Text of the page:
Indian Soap Operas After Balaji Telefilms: Changing Perspective?

Posted on August 15, 2011 in Media

By Parnil Yodha

Since the time Kyunki Saas Bhi Kabhi Bahu Thi went off-air marking an end of eight-year long monopoly of TV queen Ekta Kapoor, the daily soaps have evolved drastically taking a new shape with completely different concepts, characters, plots and casts. The last nail in the coffin for Balaji Teleflims, which was already running short of viewers due to low TRP of its shows,  was hammered by the coming up of the channel COLORS, especially through its serial Balika Vadhu. This soap opera acted as a saviour for the small screen by re-collecting the audience which was departing due to the contrived and obsolete stories of the soaps running at that time.

Viewers were longing for something fresh and refreshing and had lost interest in the same old stuff that they were being catered. This led to the trend of stories based on rich but traditional rural households replacing the ones based on the urban yet staunch traditional extended families. It is totally another story that there were still many similarities in the two, like the poor female lead getting married into a sumptuously rich family; businessmen males, sacrificing and tolerant female protagonists, humongous joint families,  Hindu culture and traditions, middle class values and the list goes on.

In the wake of  the grand success of Balika Vadhu , the small screen was flooded by many operas with rural based concepts, especially Rajasthani culture which were more like ‘me-toos’. The tide of time that decimated the Balaji bastion also swept away with itself the trend of repetitive cast and monopoly of huge production houses which was a prevalent trend in Ekta Kapoor’s undisputed reign due to the same production house of the many serials running on various channels. Many small production players had come into being and their heart-felt efforts were beginning to be acknowledged. This compelled even the queen herself to embark on and leave her famous ‘K’.

Now it’s been three years since then and today, TV offers loads of variety in terms of concepts, locations, plots and cast. From a love story of a powerful tapori (goon) and a timid basti (slum) girl; a story of an eleven-year old girl married to a dacoit based in Chambal; a love story of a vampire and a human; a story of a lower middle class couple living in a chawl (tenement) in Mumbai fighting the day-to-day problems; a story of  two young lovers belonging to conservative families and seeking answers to their innocent yet contentious questions; a story of a feminist and dignified girl married into a family of goons in Allahabad to the story of a girl married into a conservative Marwadi family but aspires to be a doctor, all give insights into the journeys of different women as daughters, sisters, mothers, wives, daughters-in-law, mothers-in-law, sisters-in-law and girl friends which are complicated yet thrilling, challenging but exhilarating, tough yet poignant and struggling yet perseverant journeys. Though the basic concept of women being projected as house-wives and daughter-in-laws may not have undergone much change but the focus of these soaps have definitely shifted. The erstwhile docile, submissive women are now seen fighting for their rights and taking important decisions.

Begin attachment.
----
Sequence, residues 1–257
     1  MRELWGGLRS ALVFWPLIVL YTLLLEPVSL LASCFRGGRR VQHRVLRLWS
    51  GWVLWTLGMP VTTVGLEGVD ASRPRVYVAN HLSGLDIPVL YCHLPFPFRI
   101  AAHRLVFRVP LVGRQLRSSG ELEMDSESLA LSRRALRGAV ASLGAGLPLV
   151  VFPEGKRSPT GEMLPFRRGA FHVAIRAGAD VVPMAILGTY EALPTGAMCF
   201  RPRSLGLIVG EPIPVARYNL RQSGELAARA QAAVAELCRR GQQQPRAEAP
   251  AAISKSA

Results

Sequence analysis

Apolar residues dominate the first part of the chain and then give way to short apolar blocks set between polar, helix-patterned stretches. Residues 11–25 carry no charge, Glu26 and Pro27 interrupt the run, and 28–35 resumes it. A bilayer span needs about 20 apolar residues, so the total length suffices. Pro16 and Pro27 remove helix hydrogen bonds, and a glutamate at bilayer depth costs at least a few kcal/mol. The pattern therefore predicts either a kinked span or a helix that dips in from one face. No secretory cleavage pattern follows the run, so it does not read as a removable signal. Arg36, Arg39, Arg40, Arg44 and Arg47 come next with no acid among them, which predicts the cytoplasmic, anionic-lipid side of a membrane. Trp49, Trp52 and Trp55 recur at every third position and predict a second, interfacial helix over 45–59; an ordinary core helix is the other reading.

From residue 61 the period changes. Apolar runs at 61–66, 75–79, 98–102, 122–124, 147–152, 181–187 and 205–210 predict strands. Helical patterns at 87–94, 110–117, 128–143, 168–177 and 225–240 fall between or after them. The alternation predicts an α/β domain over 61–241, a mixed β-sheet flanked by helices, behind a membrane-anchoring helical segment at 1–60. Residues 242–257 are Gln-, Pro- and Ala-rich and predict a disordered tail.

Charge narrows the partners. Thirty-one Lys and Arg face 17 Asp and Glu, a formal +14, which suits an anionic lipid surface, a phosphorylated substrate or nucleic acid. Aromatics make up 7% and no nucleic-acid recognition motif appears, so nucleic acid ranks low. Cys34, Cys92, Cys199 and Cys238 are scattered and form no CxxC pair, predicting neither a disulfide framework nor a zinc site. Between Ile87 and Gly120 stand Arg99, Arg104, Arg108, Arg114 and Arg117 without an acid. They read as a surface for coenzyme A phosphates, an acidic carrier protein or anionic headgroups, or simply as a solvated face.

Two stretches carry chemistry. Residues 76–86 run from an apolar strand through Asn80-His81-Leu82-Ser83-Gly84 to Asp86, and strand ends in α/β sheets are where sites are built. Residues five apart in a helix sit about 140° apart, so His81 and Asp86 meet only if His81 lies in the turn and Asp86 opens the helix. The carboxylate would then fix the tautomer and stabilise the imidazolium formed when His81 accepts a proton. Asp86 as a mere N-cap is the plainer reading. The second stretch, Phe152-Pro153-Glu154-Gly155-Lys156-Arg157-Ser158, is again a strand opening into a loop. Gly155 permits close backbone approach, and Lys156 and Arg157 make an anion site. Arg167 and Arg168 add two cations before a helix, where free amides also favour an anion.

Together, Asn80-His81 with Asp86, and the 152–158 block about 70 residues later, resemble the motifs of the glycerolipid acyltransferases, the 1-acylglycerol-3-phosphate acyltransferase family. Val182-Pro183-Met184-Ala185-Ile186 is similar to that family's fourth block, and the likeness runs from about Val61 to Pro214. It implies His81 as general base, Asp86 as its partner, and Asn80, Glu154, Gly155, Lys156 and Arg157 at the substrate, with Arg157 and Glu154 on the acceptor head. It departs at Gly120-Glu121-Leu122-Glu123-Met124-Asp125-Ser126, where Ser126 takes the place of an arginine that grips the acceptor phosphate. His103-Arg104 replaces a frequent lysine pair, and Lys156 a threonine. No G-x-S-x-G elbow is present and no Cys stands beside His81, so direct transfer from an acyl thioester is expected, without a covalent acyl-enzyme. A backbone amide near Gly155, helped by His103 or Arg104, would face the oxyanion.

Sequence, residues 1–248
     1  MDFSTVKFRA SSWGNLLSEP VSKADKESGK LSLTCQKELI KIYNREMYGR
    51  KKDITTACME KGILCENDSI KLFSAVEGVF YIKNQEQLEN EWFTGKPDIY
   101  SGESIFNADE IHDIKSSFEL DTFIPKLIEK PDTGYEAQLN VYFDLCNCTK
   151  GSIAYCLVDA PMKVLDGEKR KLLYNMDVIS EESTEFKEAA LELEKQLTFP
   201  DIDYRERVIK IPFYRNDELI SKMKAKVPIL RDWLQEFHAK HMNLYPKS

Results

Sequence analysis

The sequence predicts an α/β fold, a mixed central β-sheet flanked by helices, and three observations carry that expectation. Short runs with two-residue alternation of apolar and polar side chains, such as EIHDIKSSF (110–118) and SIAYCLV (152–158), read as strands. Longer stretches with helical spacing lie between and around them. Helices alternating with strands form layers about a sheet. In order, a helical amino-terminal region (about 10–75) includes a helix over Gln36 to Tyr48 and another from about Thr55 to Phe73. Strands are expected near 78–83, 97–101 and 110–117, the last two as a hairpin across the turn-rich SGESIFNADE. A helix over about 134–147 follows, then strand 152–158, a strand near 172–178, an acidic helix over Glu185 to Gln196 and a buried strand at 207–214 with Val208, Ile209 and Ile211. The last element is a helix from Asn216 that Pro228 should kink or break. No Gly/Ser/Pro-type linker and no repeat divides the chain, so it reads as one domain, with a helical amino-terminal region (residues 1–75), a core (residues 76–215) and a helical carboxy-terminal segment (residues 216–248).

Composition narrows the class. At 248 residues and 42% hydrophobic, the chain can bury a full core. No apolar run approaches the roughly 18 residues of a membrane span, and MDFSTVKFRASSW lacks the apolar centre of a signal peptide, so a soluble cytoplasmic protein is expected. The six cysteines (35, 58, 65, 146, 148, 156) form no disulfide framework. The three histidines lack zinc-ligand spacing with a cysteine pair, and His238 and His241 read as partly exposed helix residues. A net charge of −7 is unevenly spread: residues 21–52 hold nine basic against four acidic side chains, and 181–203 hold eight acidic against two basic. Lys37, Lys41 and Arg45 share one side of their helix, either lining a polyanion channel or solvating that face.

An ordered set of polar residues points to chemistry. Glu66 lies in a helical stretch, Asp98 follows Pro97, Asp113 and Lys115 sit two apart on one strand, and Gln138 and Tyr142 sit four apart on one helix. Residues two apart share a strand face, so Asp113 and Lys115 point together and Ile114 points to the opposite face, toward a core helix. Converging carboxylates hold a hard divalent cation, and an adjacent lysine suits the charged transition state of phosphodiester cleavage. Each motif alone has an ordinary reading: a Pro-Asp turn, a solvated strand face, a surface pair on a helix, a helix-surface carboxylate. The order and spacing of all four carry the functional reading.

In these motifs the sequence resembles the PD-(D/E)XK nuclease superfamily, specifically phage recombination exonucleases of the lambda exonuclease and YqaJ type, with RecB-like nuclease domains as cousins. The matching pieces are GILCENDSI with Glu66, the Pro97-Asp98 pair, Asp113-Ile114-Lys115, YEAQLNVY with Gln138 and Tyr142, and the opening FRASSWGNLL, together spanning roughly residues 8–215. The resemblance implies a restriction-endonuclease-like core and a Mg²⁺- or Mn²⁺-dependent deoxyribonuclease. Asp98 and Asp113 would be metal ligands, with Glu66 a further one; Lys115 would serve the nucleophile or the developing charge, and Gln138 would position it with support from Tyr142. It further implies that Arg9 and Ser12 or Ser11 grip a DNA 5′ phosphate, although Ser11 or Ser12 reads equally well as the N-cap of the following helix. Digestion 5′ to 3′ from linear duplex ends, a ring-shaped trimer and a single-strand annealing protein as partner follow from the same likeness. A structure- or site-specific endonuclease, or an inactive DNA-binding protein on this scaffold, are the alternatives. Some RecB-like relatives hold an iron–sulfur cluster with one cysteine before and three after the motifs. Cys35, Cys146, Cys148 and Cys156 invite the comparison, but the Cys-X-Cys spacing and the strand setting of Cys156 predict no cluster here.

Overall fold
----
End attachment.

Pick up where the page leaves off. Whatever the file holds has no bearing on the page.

No matter how much we, women, demean our daily soaps, we all end-up not only becoming an avid watcher but also a die-hard follower of them. We cry with the female protagonists, sympathise with them, laugh with them, love with them and even hate with them. The reason of this being, sometimes we identify ourselves or the essential women in our life with the female leads. Sometimes, we connect with an actress because we find her stranded in the same predicament as we are or had been at some point in our lives. For instance, there are many women of middle class who would connect with Saakshi Tanwar’s character in Bade Achhe Lagte Hain who could not marry or even have a boy friend at an appropriate age because they were busy supporting their families financially and had a difficulty in finding apt grooms later on because of their age and simplicity.

An amazing trend that’s catching up in serials is the stories based on literature or real life stories or incidents such as Bade Acche Lagte Hain is based on a play called ‘Patrani’  by Gujrati playwright Imtiaz Patil, Pyar Ki Yeh Ek Kahani is based on the “Twilight” series and “The Vampire Diaries”, Luteri Dulhan  is based on some real life incidents traced in Haryana and Phulwa is loosely based on dacoit-turned-politician based in Chambal called Phulan Devi. This fantastic change surely indicates improvement in the scripts and the content of our daily soaps.

Do you think a change in the trend of scripts and storylines in soap operas are indicative of the change in perspective about the role of women in society? Post your views in the comment box below.